Post NYSCATE 07 Tech Committee Meeting: Social Networking Software

When I brought up the idea of using Social Networking Software for our school, the first reaction was, “Huh?” After I described it as being related to MySpace, one committee member shot me a disdainful look and said, “Why would you want to do THAT?”

I explained that it is a tool for collaboration and interaction that our students already know and understand. Further, if we want he kids to use these tools that they are already using in a responsible and hopefully productive way, we need to demonstrate appropriate and safe use of these tools. I told them that we could set it up initially so that only our students and teachers have access to such a site through Ning or Elgg.

This allayed some concerns, but another brought up the idea that we cannot supervise what goes on in real time. I agreed that we would have to carefully monitor activities. I mentioned that my students already have the ability to message each other through one of my Moodle courses. This is monitored regularly as the teacher has full access to a transcripts and the same could be done with Ning or Elgg. Furthermore, we cannot monitor all student behaviors in the school itself and problems arise because of this. Just because there are problems from time to time, we do not prohibit movement through the halls. If there is a problem, we have to look into it and try to find the facts. Online, we have logs and transcripts that tell us exactly who said what and when they said it.

Finally, our superintendent came to my support, and the others gave reluctant assent. I have permission to investigate the use and try social networking on a limited and restricted basis.

I will probably install Elgg on our school’s webhosting account over the next few weeks. I like the fact that unlike  Ning, it will not have advertising.  After I get the feel of the environment, I’ll probably set up something with my fifth graders and those of one or two local districts for some kind of an on-line collaboration.

Here an interesting link to Wired Magazine’s website discussing the use of Elgg in education. I’m sending it to the other members of your tech committee to help answer the question, “Why would you want to do that?”

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2 comments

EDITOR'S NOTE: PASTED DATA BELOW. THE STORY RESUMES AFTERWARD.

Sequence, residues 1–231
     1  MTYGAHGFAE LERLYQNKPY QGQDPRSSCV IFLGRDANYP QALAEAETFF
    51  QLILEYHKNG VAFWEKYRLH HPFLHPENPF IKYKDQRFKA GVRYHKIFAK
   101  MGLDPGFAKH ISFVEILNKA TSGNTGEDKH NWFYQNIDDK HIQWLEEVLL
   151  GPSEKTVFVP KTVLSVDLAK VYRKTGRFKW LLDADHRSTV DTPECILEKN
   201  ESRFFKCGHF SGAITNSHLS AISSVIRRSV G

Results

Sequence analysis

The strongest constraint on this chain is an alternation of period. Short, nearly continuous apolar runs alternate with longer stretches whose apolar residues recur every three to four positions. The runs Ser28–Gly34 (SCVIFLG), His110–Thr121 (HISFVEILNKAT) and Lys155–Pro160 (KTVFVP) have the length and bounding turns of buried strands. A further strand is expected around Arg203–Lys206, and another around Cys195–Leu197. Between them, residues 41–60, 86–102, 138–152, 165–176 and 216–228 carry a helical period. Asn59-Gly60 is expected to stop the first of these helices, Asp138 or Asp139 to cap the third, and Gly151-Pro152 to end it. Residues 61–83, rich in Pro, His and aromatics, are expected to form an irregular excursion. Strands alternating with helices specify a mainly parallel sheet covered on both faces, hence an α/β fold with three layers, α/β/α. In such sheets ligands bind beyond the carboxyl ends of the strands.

1. Michael’s avatar

    Was there a presentation at NYSCATE on Elgg specifically? One of my more global takeaways from NYSCATE was on Personal Learning Environments (http://www.pointatopointb.org/2007/11/22/synthesizing-nyscate-1-personal-learning-environments/), and I came across Elgg after a bit of digging on my own. I like the fact it is hosted in-house, rather than on an external server (ala Ning). I’d be most interested in your discoveries during your testing.

    Michael

  2. Steve’s avatar

    If there was a presentation on Elgg, I didn’t see it. I ran into Elgg as I explored Moodle and the moodle website moodle.org a couple years ago. I didn’t really “get” it though–even though I actually installed it briefly.

    I am kind of puzzled though by the heavy reliance on these “free” services like Ning, Flickr, and YouTube. I am turned off by their advertising, links that lead to who-knows-what, and some of the inappropriate content that resides on these sites.

    With a server or inexpensive commecial webhosting, you can do much the same without the baggage and without giving up your intellectual property. I am also a huge fan of open-source server software.

    I will blog about my experiences as they occur, and if I find it worthwhile, I will probably go over some of the nuts and bolts on my openedweb.com moodle (http://openedweb.com redirects to the moodle). I hope to have the software installed somewhere by January if not sooner!

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